These Microcap Stocks Could Beat AMC

The market traded flat this morning as “meme stock mania” continued. Equities initially opened for a gain, touching new all-time highs in the process.

By noon, however, the S&P 500 was trading for a slight loss. The Dow was down as well while the Nasdaq Composite eked out a small gain alongside falling Treasury yields. And before trading opened, a spike in US job openings all but confirmed a shortage in the labor market.

“This recent surge in openings suggests that firms are having a hard time filling positions, and the number of quits reported in the JOLTS data also has surged largely, suggesting workers are able to find—or confident in their abilities to find—new positions,” explained JPMorgan strategist Daniel Silver.

“Both of these factors signal a need for firms to raise wages, and we have seen a variety of related measures pick up lately.”

In response, neither bulls nor bears could take control as the market remained gridlocked.

What did manage to break out (temporarily, at least) was GameStop (NYSE: GME), which rose as much as 25% on the day before giving up most of its gains. AMC Entertainment (NYSE: AMC) was up, too, albeit not nearly as much. Other highly shorted names, like Workhorse Group (NASDAQ: WKHS) and Clover Health Investments (NASDAQ: CLOV) zoomed higher.

And it wasn’t just the GMEs and AMCs that saw a bump. Unlike in the past short squeezes, a large number of microcaps are now melting up. Windeln.de, a toddler and baby toy manufacturer from Germany, saw its share prices explode for a 104% gain today following a 133% gain on Monday.

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The company itself boasts poor financials. The stock is down 95% since it was first listed in 2015.

But its short interest of over 200% was simply too much for speculators to ignore, and they drove the small company’s shares into the stratosphere because of it. Windeln.de is worth less than $10 million dollars.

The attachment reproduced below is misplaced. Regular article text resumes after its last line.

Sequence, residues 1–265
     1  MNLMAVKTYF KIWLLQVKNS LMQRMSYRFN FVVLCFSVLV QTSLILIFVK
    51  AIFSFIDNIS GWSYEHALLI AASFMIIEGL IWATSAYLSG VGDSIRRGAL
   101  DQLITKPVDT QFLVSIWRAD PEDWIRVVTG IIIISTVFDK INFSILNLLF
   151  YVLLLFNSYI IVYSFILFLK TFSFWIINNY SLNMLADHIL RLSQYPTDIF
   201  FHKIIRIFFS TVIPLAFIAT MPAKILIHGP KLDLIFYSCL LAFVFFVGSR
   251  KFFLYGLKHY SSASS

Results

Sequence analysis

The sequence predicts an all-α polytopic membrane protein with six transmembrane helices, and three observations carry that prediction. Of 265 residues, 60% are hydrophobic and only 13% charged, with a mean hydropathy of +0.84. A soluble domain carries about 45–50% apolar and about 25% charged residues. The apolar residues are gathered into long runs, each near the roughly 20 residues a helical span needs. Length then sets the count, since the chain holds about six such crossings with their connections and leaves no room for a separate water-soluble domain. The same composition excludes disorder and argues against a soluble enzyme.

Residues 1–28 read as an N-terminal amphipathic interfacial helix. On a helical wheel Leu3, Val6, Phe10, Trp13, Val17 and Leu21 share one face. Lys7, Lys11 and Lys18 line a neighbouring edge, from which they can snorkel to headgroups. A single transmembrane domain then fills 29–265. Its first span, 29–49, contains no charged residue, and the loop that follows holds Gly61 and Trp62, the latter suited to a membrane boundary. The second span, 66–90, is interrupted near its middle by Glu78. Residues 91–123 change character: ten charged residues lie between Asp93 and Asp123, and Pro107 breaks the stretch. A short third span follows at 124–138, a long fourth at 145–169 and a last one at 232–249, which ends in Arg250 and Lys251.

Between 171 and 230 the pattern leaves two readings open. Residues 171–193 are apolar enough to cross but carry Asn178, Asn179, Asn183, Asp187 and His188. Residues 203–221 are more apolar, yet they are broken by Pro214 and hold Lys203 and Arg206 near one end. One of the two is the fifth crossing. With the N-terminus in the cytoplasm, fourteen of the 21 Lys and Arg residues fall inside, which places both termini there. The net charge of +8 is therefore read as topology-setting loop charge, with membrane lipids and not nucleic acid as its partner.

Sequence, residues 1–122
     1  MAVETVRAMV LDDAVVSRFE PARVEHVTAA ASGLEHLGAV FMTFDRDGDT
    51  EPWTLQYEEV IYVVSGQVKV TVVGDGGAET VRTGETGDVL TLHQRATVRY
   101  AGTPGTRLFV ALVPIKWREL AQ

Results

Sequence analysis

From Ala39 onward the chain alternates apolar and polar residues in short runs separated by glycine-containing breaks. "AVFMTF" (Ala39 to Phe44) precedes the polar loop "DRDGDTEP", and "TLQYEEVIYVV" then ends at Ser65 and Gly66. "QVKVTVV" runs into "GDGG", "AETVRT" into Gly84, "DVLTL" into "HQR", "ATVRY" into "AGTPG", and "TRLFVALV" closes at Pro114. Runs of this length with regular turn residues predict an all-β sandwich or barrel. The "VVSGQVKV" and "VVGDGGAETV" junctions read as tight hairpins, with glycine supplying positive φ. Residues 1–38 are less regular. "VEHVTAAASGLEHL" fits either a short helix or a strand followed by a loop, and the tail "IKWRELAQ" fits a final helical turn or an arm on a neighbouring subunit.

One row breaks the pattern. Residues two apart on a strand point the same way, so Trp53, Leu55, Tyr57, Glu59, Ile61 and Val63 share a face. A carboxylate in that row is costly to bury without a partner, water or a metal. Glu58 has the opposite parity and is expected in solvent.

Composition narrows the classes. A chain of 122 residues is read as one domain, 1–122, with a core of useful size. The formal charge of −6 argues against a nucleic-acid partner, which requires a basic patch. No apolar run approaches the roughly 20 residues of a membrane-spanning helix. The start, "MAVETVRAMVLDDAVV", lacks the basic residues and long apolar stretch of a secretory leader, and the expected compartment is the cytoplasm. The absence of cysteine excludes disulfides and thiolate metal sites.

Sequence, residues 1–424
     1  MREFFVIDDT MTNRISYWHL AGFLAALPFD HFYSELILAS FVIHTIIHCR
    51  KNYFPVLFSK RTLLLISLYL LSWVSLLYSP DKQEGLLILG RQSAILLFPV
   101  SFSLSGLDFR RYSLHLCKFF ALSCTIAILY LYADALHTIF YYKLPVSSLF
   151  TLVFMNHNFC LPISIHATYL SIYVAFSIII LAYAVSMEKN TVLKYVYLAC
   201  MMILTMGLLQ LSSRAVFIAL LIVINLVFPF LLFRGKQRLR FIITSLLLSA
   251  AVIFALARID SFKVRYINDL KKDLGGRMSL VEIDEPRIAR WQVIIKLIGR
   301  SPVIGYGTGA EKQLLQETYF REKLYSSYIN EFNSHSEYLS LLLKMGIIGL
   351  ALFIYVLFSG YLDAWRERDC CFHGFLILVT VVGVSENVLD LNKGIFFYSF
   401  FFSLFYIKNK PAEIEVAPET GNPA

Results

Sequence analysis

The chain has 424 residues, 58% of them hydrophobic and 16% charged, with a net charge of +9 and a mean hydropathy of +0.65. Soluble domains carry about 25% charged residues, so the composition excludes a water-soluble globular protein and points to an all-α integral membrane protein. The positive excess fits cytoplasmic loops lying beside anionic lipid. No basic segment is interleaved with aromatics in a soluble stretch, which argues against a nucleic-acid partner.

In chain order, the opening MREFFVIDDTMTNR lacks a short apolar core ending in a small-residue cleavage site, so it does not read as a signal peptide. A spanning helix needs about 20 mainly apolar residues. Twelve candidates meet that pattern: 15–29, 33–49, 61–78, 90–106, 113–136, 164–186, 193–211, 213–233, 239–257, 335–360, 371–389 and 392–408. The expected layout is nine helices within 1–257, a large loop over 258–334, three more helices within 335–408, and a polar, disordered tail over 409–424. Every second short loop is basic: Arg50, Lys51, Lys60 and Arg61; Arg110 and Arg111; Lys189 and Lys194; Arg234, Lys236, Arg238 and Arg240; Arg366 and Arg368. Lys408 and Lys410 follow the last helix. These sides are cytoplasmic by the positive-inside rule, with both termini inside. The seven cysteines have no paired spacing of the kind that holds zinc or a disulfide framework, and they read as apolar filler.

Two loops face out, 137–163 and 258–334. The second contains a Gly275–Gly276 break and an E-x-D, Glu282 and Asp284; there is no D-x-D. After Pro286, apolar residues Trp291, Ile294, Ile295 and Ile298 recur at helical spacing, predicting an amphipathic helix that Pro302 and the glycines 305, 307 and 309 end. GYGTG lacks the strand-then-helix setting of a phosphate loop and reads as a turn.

Which, compared to most major stocks, makes it a very small company.

Short squeezers, however, are now looking at stocks below $10 million in market cap due to their high short interest.

Solar Integrated Roofing (NYSE: SIRC) has a market cap of just $2.4 million and 55% short interest. OPTEC International (OPTI) boasts 154% short interest alongside a meager $721,000 in market cap. Interact Holdings Group (IHGP) sits on a staggering short interest of 184% with a market cap of just $396,000.

Back in January, when “meme stock mania” first started, only one microcap really saw a big run. Saddle Ranch Media (SRMX) jumped up an incredible 3,800% in only two weeks. The company was worth less than $1 million prior to its moonshot.

It could certainly happen again to any number of microcap offerings as speculators turn to increasingly risky avenues when chasing eye-popping gains. It’s usually not a good sign when a market grows so risk-tolerant.

Moreover, it can be very demoralizing to risk-averse investors when this is the kind of behavior that’s required to get ahead.

This pessimism could eventually materialize in the broader market, too, as shorts get further squashed by retail speculators. That might not happen this week, though, with an all-important inflation print – the May Consumer Price Index – due out Thursday. Until that’s released, and investors learn just how hot inflation has gotten, stocks should continue chopping sideways.

But a whole number of bearish forces are likely to converge on stocks (and fast) should inflation come in higher than expected.

Even if the Fed doesn’t mention tapering in any way, shape, or form.

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